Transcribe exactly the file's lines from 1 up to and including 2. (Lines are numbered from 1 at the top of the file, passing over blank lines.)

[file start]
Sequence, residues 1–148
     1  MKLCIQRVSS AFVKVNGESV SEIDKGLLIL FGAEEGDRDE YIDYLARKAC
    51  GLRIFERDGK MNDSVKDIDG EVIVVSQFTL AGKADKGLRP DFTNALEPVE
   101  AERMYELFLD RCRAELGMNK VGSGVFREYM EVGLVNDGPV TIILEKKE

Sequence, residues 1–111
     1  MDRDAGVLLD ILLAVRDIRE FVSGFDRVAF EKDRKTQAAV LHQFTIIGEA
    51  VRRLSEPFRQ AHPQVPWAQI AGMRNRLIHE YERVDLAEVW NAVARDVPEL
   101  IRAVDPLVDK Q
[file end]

Sequence, residues 1–148
     1  MKLCIQRVSS AFVKVNGESV SEIDKGLLIL FGAEEGDRDE YIDYLARKAC